So, bearing in mind it took me 1 whole year to volunteer the first time, my second time came today after only 1 month!
This time I was a little bit more aware of what to do, so it was not as much of a whirlwind of activity around me, however today was much more hard work in my opinion as I had volunteered my camera for the photography role and the whole day’s photos rested solely on my shoulders! I know the photographer role is supposed to be relaxed because the runners are getting their photos taken for free, and as such do not expect professional standards of action shots, but I really felt the pressure to do something that people could be proud of and to post as their profile picture of something. I know how much event photos mean to some people, so I didn’t want to let anyone down. Speaking with the Event Director before people arrived I was told that there was no set place (or places) to be, just take the photos from wherever I decided. This also did nothing to settle my nerves of taking the perfect photos! As I mentioned in my first blog post when I ran at St Peters back in May 2013 though, most of the photos I see from this event are from the top of the hill in the middle of the course though, so I just figured I should head there to be safe.
As things were starting to get busy and people were arriving I started just taking photos of everything, trying to catalogue the whole day. From photos of the parkrun flag in an empty field, to the warm up and the handing out of 50 shirts. No sooner as I had got my eye in, things were getting ready to start so I headed to the end of the path to try to catch the mass crowd running from the start line to the first corner. Once the last person had passed me, I ran across the course to the top of the hill and set myself up at the base to get ready for the first people coming through. Given that this point is just over halfway round, I guessed that I would only have about 10 minutes to get there before the first people started to come through.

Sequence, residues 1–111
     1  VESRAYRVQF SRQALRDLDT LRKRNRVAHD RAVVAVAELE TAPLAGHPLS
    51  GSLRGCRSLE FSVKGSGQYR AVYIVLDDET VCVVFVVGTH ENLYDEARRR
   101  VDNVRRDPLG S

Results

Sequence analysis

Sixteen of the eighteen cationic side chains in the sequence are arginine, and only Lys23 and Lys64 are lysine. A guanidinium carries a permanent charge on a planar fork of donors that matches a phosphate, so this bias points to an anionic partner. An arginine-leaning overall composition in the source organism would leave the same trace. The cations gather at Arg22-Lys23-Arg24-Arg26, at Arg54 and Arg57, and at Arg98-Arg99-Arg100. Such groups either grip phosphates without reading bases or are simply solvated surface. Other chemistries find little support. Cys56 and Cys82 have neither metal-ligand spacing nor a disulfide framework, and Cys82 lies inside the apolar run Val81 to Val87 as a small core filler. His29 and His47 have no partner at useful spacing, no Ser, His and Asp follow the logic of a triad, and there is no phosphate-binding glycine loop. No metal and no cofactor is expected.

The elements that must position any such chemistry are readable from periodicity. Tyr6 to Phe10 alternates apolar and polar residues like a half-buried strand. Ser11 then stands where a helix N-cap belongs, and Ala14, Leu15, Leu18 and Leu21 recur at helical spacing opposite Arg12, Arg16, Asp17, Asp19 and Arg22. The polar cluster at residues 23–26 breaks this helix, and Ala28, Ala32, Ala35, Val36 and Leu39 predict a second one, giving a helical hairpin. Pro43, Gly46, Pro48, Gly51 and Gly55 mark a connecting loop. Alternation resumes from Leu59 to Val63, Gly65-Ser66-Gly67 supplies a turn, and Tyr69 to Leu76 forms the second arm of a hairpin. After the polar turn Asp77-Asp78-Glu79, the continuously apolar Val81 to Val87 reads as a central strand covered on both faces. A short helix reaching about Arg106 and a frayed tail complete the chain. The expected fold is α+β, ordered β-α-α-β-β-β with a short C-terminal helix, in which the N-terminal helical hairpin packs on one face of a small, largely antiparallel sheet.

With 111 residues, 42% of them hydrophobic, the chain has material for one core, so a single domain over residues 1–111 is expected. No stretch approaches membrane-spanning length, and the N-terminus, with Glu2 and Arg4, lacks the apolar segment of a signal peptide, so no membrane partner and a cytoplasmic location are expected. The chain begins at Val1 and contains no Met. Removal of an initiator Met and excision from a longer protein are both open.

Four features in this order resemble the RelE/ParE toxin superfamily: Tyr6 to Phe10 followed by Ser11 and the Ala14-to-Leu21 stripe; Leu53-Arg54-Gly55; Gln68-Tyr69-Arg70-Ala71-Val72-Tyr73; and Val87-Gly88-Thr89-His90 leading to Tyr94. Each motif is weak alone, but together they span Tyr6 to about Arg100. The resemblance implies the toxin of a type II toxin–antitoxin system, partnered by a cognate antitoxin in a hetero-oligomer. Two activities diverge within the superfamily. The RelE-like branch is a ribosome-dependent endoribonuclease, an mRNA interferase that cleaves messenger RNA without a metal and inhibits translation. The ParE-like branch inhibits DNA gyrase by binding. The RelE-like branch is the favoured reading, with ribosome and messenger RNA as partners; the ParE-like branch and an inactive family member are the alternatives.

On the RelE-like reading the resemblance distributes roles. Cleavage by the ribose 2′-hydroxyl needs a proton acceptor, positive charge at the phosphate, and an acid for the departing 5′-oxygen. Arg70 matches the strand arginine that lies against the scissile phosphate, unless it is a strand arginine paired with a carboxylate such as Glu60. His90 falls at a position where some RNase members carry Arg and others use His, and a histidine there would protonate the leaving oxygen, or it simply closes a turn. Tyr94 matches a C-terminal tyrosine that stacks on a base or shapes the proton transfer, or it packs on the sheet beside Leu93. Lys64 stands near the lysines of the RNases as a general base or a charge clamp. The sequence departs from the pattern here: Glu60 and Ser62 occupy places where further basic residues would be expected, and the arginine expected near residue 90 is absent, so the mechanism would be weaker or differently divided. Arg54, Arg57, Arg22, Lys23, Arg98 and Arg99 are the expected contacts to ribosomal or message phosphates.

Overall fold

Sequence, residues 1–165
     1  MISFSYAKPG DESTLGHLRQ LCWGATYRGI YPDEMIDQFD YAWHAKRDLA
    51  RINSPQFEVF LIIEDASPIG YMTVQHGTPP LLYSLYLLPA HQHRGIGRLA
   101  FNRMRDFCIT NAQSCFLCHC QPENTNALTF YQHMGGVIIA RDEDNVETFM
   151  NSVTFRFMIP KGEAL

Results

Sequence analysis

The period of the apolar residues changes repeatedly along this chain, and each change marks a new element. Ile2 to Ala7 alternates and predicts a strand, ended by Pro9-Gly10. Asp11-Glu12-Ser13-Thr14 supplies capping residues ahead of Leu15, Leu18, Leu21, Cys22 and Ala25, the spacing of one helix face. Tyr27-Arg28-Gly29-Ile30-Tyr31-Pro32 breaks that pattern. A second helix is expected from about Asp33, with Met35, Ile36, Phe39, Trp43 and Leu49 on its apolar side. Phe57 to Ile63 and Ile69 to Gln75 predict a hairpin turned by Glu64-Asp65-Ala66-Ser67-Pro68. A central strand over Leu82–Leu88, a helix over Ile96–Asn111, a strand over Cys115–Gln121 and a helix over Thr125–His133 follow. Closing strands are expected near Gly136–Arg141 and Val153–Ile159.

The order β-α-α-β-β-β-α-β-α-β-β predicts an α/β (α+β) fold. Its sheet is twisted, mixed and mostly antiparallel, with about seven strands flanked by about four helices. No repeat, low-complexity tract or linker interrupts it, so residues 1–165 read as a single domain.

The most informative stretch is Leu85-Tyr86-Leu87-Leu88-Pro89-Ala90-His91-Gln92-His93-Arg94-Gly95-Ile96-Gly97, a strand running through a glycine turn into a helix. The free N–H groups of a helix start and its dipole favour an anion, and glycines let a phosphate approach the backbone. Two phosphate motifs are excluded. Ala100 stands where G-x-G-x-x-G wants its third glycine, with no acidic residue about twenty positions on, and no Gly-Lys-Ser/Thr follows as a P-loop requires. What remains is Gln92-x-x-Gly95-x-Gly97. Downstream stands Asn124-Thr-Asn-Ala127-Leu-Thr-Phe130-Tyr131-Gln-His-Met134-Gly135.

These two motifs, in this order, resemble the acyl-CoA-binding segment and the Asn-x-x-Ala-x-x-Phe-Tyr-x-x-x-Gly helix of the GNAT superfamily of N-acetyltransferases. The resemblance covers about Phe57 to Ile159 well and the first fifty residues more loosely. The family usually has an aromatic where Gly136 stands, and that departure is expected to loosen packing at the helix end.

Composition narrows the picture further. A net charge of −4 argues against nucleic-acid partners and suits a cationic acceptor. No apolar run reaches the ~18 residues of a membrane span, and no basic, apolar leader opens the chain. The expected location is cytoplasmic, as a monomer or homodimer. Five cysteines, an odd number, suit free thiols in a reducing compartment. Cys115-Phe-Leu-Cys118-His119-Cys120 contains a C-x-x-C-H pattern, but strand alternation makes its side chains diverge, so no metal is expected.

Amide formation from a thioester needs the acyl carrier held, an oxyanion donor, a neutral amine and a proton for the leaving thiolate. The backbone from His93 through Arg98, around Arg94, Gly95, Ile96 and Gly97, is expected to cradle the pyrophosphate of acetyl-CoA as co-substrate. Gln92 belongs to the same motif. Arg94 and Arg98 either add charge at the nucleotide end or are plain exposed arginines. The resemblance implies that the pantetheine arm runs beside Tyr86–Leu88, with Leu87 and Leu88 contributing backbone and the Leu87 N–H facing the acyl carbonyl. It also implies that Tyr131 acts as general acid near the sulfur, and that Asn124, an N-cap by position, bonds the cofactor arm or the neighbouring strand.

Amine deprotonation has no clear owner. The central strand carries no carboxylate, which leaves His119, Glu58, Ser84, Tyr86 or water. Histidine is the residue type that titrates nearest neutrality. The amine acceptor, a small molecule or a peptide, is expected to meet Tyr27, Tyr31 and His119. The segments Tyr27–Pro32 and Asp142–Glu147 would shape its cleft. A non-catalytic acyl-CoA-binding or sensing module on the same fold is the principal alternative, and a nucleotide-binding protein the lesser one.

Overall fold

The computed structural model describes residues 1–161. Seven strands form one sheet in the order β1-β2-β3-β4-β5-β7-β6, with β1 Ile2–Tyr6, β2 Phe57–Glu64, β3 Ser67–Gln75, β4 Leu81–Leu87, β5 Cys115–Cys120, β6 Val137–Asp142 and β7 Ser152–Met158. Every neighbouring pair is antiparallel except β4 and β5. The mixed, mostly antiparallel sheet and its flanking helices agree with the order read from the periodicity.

Thankfully I got there with a couple of minutes to spare and was soon snapping away like a paparazzi. I only seemed to be stood there for about 5/10 minutes before the last person came through, which made me realise how small a gap there actually is in parkrun between the top end of the finishers and the rest of the field. Once I had finished at the halfway point, I ran back where I came from to see if I could get snaps of people coming through the finish line to finish off the timescale of the run. Much to my surprise, I only missed the first 10 or so finishers and was able to take photos of the majority of the runners coming through the finish line to finish off what was a fantastic experience!
At the end of it, I had taken over 1200 photos in approx 40 minutes (average approx 30 photos a minute, or a photo every 2 seconds).
Unlike other volunteer roles however, the day did not end when I left the course. When I got home I had to whittle down the 1200 photos to a more reasonable figure to upload to Facebook along with resizing them so that I didn’t crash my computer trying to upload that many photos in full resolution! After approx 3 hours (give or take) I had managed to go from 1200 photos to 180 that I felt were suitable to upload and covering the most amount of runners at the different stages. All that was left then was to upload them and I was done – phew! A very time-consuming job, but well worth it, think I will volunteer to do this again sometime!
The full album of uploaded photos can be found here: